HIGH ART: Seek the intention of Intencións
JACKSON HOLE, WYO – Crystal sound bowls and jewelry infused with flower essences create a unique alchemy at a new art gallery and studio space in downtown Jackson dedicated to raising consciousness with intention.
Intencións fills a new-age niche among the dozens of nearby galleries, many dedicated to Western art. With an open invitation to local artists and healers to co-create, Daniela Botur and Frank Marinaro opened Intencións in 60 days.
“I am a woman inspired to live to my highest potential through expressing my joy, love and importance of our interconnection through my art, and wanting to bring people together,” Botur said. “I’m a weaver of dreams. And my loom is spiritual.”
More than 100 people joined them last week to celebrate the opening with an exhibit by Susan Russell Hall, a painter who spent 27 years as a medical illustrator before she began painting sacred imagery and symbols. Hall uses an encaustic method, which is evolved from an ancient Egyptian process of layering hot beeswax with color. Her lotus flowers are inspired by the seven chakras, or metaphysical life forces from the base of the spine to the crown of the head.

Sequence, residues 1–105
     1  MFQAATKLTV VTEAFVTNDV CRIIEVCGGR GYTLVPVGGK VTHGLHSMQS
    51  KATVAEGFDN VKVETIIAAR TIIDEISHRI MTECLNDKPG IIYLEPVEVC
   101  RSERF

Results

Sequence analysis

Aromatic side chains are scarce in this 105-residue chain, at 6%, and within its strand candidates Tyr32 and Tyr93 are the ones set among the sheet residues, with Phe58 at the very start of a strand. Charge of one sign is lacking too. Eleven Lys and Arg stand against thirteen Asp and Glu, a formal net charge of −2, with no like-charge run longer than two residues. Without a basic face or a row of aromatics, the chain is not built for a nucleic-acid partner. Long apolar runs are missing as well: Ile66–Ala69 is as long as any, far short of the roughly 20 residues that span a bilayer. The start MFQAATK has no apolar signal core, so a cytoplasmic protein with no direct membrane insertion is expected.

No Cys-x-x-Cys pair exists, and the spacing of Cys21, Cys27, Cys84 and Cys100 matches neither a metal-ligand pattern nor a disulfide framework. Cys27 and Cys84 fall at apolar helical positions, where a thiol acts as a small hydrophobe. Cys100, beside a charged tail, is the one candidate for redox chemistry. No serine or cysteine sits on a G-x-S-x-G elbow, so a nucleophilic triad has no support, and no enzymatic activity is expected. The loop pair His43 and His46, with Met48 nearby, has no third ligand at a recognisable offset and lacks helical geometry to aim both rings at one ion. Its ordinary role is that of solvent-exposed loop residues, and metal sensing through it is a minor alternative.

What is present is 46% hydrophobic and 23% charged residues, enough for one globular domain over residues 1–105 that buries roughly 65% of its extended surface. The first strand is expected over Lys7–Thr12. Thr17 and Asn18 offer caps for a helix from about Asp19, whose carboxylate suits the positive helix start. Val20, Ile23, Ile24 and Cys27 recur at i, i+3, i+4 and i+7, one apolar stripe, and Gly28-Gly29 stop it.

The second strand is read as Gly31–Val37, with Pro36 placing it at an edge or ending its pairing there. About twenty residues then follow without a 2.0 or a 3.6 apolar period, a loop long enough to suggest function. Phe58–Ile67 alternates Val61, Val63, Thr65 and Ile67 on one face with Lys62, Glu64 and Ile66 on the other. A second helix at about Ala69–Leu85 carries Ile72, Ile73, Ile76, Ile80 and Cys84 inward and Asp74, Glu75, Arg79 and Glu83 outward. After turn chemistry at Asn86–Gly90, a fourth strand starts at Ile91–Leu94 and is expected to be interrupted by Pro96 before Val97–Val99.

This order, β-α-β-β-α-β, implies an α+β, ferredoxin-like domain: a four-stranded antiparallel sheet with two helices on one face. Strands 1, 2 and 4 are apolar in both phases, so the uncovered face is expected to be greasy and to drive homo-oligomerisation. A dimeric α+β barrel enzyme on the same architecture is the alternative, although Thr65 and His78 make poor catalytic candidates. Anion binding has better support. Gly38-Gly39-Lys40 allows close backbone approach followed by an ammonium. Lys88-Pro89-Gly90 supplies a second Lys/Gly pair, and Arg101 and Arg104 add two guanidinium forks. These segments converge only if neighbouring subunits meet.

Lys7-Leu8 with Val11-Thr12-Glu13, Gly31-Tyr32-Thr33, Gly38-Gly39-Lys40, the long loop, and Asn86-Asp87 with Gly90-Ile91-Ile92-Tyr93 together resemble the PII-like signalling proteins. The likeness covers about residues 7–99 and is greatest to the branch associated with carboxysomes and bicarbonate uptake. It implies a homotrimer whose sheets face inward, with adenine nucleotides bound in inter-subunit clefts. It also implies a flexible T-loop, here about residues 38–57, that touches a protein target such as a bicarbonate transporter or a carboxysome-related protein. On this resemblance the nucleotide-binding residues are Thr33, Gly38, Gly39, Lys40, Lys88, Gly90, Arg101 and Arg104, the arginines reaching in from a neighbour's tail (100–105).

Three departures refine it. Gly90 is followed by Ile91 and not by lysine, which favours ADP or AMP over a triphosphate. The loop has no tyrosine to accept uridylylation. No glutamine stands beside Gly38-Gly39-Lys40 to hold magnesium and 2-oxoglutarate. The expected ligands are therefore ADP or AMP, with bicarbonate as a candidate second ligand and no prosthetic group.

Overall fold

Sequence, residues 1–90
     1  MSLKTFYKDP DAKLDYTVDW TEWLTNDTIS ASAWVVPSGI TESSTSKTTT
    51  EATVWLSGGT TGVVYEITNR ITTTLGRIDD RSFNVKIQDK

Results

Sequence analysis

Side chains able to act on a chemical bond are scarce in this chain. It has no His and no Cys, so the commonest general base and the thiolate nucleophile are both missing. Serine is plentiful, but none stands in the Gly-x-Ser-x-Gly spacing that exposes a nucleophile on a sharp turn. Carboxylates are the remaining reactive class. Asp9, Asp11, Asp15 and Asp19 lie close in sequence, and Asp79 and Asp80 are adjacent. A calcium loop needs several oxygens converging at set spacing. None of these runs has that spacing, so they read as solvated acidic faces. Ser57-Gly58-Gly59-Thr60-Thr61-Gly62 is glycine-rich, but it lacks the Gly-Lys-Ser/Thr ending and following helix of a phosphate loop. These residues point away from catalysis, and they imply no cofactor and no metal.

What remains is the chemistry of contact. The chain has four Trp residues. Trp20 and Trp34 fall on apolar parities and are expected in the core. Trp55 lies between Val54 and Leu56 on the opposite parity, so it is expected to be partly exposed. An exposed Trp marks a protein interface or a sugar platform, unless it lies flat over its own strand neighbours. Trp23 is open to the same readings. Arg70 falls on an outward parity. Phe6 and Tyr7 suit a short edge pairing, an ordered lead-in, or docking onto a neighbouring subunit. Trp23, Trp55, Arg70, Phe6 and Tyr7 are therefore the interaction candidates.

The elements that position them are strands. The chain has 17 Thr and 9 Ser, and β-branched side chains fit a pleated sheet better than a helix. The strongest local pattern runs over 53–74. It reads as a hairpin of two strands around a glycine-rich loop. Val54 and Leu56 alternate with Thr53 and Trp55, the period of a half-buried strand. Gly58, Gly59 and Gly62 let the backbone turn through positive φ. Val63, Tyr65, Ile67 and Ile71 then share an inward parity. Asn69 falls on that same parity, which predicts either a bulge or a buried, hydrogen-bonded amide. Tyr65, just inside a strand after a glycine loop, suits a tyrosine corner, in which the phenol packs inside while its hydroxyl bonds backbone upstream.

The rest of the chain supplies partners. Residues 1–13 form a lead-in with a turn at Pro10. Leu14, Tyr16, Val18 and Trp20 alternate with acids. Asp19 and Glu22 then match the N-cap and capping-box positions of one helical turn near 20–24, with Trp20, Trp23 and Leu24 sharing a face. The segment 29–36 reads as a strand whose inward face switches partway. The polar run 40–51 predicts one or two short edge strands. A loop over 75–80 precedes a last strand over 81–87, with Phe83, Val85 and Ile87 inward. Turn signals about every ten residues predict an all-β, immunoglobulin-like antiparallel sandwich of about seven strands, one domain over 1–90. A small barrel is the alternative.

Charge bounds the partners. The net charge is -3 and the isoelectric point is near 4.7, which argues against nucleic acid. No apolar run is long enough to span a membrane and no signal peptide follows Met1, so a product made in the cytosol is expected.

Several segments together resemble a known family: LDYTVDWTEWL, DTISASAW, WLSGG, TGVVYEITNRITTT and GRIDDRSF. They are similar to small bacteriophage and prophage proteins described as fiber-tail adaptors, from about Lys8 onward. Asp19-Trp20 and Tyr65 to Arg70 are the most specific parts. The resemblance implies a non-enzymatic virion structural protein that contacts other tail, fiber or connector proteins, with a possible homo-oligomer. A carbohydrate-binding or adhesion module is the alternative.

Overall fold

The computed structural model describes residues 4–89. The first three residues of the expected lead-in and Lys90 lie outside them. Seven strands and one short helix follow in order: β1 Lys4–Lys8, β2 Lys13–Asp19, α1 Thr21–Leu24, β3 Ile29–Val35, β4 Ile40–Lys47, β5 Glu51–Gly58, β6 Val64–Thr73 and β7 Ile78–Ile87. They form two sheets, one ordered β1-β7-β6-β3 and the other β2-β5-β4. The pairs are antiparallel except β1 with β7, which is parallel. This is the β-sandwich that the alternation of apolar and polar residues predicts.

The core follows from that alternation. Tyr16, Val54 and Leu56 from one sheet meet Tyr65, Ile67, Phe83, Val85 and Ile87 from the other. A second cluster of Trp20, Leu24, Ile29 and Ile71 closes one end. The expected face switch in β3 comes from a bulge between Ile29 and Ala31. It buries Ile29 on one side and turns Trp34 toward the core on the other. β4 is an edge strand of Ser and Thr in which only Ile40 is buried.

“I am so excited to be a part of this,” Hall said as she whizzed around the gallery hanging her prints to collaborate with local artist and former gallery owner Lyndsay McCandless.
McCandless inspired the experiential element of the exhibit where visitors were invited to walk through curtains in the colors of the chakras, choose the one they identify with most and leave an intention on the wall.
Creating a gallery space that is experiential and open to interpretation took a great risk on the part of Botur and Marinaro as metaphysical art is out of many people’s comfort zone.
With a weekend of free community programming, including crystal sound bowl meditation, a dance party, a chakra mandala and kids kirtan, Intencións offered people of all ages the gift of opening their minds to a therapeutic form of healing arts. A dozen children running around in superhero capes at the kids’ kirtan helped put it all in perspective.